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Parts of the Mass

Recipient of the 2008 Norma Farber First Book Award from the Poetry Society of America

The languages of scientific discourse and of Roman Catholic liturgy and theology add a measure of high seriousness to the playful investigations in verse and prose of Imbriglio's experimental debut. While it may be difficult at times to discern the reasoning that guides Imbriglio's spirited arrangement of sentences within a poem, or even words within a sentence, the book's insistently interesting verbal structures, textures and cadences suggest that the poet's responsiveness to language's physical properties is often her chief (and sometimes sole) interest and organizing principle. Occasionally, this aural fixation leads to clanging ("Here. Heresay. In here you'd say") and even silliness, as in her homophonic translation of Laudamus te ("We praise you," from the Gloria of the Latin Mass): "Loud, ah, uh, ah, uh, arm, moose, day, 'A.'/ Loud, ah, uh, ah, uh, I'm, mousse, te, eh?" However when Imbriglio commits to subtler effects, or to a less complicated expressiveness, she rewards the reader with an almost preternatural beauty ("The light on the cherry trees elaborates the fallen petals of the cherry trees") and a wonder-riddled quirkiness ("A fact we all agreed not to acknowledge: a billion Gainsboroughs into the space of this o"). These are moments wholly worth waiting for.

Publishers Weekly

“By invoking the mass, Imbriglio sets us square in the middle of a ritual which takes as its premise at least two things: that a collection of words uttered by a collection of people has the power to produce a miracle of transformation (the bread becomes body), and that the broken body in turn gives power to the words uttered by those attending the mass. Imbriglio takes these assumptions and morphs them into an investigation of the relationship of word and body and word to incantatory power.... Her “Gloria,” for example, performs a gradual Zukofsky-like procedure on the Latin “et in terra pox, hominibus bonae” as she writes, for example, “Et in terra./Et in terror pocks./Et in terror pocks, ho, ‘meanie,’ buss,/bone, eh?” This phrase, often translated, “and peace on earth to men of goodwill,” resonates differently in their English homonymic translations.... One of the pleasures of this book is how much the poet invites the reader to think with her in this way; it is as if she creates a map of thought through language but gives no explicit directions and we are thus encouraged to set about the journey, readerly hand in authorial hand, through an expansive territory.”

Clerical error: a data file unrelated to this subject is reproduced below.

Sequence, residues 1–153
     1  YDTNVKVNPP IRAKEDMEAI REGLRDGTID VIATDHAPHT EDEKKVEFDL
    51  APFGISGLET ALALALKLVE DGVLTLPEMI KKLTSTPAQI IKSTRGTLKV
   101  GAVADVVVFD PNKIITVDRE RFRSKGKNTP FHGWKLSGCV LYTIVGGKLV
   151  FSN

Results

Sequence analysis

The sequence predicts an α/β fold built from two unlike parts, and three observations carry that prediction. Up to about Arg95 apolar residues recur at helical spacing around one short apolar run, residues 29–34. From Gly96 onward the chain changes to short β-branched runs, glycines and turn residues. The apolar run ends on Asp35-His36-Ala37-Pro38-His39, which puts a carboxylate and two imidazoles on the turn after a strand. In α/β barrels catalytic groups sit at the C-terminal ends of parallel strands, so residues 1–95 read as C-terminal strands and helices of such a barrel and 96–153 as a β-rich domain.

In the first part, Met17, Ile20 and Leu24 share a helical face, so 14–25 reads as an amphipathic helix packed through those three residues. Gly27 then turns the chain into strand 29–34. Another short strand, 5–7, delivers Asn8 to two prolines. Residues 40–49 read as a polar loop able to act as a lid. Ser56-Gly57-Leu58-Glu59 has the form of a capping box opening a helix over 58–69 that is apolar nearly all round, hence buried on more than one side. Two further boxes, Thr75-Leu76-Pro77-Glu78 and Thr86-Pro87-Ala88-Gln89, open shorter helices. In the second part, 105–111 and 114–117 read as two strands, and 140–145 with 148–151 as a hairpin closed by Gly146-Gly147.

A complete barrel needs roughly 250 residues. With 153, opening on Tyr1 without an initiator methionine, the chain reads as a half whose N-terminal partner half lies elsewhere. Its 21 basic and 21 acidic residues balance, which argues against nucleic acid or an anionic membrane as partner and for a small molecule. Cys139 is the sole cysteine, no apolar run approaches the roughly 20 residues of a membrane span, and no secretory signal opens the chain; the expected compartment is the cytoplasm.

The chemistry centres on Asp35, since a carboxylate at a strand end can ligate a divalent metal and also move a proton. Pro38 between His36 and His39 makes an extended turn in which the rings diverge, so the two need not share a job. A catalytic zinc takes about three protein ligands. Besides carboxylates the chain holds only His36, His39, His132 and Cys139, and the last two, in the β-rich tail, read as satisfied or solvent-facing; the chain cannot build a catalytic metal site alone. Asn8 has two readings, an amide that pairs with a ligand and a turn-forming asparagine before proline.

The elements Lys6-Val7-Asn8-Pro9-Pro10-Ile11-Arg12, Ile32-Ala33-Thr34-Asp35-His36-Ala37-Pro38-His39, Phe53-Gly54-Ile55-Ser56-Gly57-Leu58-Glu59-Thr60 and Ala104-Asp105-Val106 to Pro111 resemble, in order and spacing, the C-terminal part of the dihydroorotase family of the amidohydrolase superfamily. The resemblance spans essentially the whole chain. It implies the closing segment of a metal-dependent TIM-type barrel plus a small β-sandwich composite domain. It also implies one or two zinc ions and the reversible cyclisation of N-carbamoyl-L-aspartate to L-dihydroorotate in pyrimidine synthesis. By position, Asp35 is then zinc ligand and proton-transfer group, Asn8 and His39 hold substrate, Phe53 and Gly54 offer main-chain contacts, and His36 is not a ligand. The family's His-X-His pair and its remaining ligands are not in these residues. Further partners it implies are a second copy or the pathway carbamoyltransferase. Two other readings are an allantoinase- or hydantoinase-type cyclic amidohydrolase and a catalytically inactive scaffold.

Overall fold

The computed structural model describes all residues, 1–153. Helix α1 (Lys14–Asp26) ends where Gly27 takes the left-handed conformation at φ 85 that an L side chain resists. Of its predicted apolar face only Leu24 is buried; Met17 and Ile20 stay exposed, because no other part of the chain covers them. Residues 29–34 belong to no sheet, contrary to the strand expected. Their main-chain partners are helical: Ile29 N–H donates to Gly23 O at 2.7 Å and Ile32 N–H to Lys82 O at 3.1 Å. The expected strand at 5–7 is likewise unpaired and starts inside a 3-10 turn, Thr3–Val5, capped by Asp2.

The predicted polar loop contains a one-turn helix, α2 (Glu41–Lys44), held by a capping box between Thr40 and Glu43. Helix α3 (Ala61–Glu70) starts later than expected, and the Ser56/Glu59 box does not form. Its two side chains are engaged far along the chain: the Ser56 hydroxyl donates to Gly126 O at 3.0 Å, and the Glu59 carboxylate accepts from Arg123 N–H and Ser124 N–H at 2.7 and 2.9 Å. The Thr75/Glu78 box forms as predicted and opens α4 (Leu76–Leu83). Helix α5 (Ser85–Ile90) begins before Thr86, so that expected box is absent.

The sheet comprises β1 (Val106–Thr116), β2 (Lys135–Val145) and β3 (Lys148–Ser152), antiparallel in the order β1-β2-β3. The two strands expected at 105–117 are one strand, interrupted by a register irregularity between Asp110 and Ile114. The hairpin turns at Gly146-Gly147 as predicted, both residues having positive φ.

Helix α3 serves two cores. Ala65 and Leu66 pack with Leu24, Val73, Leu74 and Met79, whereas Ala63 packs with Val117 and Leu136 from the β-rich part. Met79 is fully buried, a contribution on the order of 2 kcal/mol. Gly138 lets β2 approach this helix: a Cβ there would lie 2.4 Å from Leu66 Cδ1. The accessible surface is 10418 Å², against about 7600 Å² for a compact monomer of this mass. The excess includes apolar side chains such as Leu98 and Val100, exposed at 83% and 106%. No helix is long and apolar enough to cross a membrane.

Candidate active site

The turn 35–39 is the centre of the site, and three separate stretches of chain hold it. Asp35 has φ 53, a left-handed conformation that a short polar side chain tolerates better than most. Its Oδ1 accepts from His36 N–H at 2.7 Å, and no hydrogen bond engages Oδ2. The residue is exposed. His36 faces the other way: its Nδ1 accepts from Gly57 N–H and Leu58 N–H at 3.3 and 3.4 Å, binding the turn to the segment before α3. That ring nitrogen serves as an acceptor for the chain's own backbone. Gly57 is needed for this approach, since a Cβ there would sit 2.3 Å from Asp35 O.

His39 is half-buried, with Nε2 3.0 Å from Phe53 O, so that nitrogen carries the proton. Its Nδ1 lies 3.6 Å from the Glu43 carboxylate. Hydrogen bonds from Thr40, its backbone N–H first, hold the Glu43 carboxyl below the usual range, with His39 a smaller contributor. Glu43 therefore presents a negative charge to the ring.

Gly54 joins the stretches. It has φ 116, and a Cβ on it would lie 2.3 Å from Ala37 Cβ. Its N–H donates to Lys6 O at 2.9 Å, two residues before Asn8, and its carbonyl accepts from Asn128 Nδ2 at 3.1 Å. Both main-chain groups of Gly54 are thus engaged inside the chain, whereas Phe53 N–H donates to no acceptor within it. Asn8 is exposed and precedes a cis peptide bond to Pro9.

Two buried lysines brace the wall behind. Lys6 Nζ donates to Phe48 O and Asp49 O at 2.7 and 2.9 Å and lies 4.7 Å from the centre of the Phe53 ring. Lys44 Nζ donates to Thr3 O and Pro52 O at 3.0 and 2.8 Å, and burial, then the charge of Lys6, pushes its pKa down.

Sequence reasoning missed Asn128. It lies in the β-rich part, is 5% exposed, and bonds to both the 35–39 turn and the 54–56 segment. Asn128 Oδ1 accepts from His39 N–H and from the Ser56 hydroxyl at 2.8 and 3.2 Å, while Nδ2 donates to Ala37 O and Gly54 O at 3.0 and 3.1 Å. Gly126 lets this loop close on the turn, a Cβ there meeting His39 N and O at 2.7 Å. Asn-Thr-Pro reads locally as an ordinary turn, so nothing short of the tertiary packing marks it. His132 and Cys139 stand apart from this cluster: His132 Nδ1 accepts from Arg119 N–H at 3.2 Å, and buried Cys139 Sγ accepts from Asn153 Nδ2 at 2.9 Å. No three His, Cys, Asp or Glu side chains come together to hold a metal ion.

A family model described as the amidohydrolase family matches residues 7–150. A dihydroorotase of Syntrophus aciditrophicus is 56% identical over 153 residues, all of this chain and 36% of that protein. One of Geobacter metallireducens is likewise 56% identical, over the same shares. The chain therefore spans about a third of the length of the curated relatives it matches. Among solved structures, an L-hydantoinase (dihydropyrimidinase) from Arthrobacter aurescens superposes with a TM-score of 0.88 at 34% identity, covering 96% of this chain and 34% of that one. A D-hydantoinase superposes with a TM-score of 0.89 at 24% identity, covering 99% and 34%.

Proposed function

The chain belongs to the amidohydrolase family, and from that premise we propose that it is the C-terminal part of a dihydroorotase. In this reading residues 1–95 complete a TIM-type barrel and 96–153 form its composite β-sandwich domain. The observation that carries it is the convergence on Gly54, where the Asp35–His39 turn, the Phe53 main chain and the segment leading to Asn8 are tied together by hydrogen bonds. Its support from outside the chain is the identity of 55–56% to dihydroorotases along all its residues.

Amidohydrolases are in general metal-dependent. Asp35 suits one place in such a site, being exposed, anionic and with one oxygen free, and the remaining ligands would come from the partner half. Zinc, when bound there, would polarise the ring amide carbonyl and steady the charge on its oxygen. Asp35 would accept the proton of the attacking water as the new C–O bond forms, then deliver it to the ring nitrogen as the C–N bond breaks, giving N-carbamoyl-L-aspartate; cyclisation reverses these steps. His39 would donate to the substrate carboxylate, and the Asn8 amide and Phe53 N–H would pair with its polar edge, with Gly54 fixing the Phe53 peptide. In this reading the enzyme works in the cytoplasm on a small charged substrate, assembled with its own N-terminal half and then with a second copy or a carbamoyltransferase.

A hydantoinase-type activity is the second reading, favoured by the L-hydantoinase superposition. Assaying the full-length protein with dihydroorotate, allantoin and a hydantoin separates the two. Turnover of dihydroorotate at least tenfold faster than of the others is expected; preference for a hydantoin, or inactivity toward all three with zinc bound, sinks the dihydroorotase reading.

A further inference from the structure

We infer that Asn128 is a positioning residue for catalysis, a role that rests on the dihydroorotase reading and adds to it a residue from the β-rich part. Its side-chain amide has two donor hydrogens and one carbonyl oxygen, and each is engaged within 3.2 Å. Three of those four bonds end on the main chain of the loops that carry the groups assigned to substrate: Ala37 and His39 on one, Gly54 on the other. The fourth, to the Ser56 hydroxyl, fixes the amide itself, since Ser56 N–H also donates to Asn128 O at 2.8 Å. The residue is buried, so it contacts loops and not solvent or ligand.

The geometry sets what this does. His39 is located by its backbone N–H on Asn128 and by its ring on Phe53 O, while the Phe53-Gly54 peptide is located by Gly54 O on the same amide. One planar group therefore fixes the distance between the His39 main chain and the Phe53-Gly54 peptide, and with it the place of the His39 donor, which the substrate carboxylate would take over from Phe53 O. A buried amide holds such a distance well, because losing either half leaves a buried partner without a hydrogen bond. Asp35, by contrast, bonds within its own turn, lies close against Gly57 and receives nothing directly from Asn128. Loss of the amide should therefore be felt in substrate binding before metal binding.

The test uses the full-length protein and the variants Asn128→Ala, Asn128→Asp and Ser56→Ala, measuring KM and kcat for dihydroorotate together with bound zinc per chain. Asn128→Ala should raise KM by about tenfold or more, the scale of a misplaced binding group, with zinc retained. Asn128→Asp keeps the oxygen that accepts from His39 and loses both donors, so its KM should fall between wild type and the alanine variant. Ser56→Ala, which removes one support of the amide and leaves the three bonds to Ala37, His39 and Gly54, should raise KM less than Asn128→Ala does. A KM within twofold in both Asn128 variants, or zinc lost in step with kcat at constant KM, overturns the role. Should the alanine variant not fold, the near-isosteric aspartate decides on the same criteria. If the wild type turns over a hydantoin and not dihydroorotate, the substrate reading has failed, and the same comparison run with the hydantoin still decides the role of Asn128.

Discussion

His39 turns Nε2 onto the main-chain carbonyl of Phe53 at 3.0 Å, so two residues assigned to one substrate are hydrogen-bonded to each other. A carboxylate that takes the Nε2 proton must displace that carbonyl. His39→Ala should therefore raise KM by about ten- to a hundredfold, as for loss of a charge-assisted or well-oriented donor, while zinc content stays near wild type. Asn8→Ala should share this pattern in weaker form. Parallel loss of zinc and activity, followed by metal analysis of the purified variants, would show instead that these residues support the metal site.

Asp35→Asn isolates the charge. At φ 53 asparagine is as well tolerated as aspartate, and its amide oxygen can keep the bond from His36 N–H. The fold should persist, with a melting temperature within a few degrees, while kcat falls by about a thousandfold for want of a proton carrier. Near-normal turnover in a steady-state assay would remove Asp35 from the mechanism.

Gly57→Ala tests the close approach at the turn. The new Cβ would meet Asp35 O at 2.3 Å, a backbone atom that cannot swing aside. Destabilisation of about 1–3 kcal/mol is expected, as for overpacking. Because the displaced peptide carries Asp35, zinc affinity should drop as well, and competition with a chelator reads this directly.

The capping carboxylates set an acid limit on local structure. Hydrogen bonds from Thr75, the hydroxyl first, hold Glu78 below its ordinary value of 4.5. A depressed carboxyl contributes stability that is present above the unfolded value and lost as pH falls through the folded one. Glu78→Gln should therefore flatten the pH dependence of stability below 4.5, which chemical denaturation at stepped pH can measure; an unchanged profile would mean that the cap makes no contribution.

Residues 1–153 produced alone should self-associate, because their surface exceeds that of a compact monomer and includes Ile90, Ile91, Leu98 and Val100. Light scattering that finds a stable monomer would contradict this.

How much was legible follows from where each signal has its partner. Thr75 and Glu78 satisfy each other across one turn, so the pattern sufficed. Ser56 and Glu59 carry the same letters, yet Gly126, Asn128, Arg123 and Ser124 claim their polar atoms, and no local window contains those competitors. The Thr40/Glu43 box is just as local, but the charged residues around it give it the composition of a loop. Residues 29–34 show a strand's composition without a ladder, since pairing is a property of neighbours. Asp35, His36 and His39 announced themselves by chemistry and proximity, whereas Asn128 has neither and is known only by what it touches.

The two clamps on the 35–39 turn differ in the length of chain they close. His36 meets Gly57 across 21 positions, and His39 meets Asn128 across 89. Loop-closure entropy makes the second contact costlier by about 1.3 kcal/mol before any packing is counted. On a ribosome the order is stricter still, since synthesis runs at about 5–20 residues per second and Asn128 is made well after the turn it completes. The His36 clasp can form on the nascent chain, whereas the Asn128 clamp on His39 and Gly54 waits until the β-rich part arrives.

—Christina Mengert, Reconfigurations: A Journal for Poetics & Poetry/Literature & Culture 1

“Part breathless run-on, part stacked chant, the shapes of Imbriglio’s individual poems wed urgency to order…. The masses in the text—beyond the apparent Catholic Mass and the human form as a mass—are the words. They are the “topographical shapes,” the physical features that engrave into the side of the rock, defined by the breath sweeping over…. The fluency of experience heals—not the fracture of portions, apportions, allocations. When elements are interchangeable, interstitial, brought together in rhythm and softened, division becomes union, partition becomes participation.”
–Joshua Hussey, Verse 25